The general rule for a holiday family meal, which takes into account larger portions than a normal meal, budgets for each person, on average, to eat one three-inch wedge of a nine-inch pie (there are six of these slices in the pie). Simplified, a family should have one full pie for every six guests at the table.

This is an average, so it factors in the aunt who wants a tiny piece, the uncle who doesn’t like dessert and the cousin who eats half the pie himself. Still, because there are so many types of pies, families are inclined to purchase double or triple the serving suggestion in favor of having flavor options.

In short: individuals will buy more than they need for holiday parties and, based on averages, need more than usual.

Just Desserts?

We’ve focused a lot on pies here, but if you’re a bakery owner, you know the demand for rolls is increasing as well. Each guest at a family gathering will eat 2-3 rolls, depending on size, at dinner, and leftover rolls are one of the most coveted items after the meal.

Understanding this, we’re stocked with the flours, salts and everything necessary for bakers to make their customers’ holidays just that much better.

With the holiday rush in full swing, we are available to deliver ingredients promptly to meet your needs. Contact us and let us know how we can help!

Food-manufacturing and food-processing companies are pushing to rid their products of genetically modified organisms due to increased demand from customers. As consumers seek healthier lifestyles and diets focused on natural ingredients, companies have had to adapt to keep their sales up.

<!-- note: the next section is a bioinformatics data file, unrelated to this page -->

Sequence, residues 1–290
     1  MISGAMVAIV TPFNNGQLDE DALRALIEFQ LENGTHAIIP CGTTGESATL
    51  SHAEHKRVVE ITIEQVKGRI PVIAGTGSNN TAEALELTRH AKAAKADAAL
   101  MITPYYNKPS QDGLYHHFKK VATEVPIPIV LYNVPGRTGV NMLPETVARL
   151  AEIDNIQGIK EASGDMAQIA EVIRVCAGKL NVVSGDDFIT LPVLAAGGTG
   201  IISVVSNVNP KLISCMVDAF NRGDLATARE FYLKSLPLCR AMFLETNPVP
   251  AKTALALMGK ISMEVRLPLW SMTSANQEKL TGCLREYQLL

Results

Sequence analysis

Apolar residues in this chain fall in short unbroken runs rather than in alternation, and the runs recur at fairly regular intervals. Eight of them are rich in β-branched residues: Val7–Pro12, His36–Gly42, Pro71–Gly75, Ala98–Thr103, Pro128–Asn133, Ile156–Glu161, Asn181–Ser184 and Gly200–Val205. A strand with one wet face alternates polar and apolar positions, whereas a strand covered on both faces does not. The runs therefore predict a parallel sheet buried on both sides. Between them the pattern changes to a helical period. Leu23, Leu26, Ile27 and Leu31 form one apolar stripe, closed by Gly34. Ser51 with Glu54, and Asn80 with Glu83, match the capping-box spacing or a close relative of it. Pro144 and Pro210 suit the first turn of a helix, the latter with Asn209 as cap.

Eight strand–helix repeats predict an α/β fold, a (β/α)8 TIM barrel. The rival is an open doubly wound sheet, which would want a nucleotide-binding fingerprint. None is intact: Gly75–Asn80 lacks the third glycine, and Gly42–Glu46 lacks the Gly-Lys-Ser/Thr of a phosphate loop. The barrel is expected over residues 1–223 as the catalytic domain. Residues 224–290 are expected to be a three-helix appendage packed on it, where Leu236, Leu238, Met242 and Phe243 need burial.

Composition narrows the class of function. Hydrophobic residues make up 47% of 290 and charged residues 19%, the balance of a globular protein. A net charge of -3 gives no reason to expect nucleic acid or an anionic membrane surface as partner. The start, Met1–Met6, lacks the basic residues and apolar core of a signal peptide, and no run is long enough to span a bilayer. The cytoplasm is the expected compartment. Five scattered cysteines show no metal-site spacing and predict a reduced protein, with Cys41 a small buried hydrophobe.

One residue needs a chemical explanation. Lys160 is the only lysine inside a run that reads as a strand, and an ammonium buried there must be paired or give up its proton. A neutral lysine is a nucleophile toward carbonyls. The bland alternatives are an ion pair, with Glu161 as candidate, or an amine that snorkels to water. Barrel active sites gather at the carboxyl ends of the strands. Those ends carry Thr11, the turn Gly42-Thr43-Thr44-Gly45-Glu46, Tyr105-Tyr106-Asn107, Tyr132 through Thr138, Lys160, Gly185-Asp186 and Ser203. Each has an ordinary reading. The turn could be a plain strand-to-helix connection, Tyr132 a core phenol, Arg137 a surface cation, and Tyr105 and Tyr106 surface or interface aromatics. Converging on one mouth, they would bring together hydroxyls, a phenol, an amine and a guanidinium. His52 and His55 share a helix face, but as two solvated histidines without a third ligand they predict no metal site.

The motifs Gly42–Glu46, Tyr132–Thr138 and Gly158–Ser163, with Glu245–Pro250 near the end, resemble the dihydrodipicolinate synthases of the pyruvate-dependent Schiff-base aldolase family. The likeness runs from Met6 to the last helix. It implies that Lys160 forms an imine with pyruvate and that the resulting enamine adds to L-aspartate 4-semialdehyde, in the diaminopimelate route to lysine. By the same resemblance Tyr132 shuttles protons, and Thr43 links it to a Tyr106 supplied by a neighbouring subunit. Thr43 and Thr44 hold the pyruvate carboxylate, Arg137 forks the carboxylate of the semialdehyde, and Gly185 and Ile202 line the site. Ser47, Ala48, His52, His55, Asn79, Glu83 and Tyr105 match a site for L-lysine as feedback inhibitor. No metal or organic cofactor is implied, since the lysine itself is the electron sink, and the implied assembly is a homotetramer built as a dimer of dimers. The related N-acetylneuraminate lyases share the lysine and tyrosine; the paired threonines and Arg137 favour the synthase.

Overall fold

For example, The Hershey Company announced in early 2015 they would be removing GMO ingredients from almost all its products. Most notably, Hershey’s Kisses and Hershey’s Milk Chocolate Bars are no longer made with genetically modified beet sugar. Rather, they are being made with cane sugar.

Hershey’s isn’t the only company ridding their products of GMOs, but they are the most notable. While they haven’t yet committed to shedding GMOs from all their products, that point appears to be coming. Consumers are demanding it, and consumers usually win.

Where Can U.S. Producers Source Non-GMO Sugar?

Currently, most of the sugar grown in the United States is beet sugar, which can be genetically modified. In order to acquire non-GMO sugars, companies need to source internationally, with Brazil becoming a more and more enticing market.

Brazil is the largest cane-sugar producer in the world, although a lot of their natural cane sugar goes to create sugarcane ethanol (fuel), so they aren’t necessarily the largest producer of edible cane sugar. That could change, however, as more and more companies in the United States and elsewhere look to Brazil for the pure, non-GMO cane sugar.

What it Means for the Sugar Industry

Brazil has the perfect climate for cane sugar, which used to be the only type of sugar anyone wanted. Will their high level of production increase as more U.S. producers seek natural ingredients?

Or, will the beet-sugar producers in the United States start to remove their GMO crops and produce natural beet sugars?

The costs are generally higher with non-GMO ingredients, which means the price of cane sugar could climb significantly if companies look to source their cane sugars from Brazil and other foreign countries. Of course, there are costs to beet-sugar producers switching their business models as well.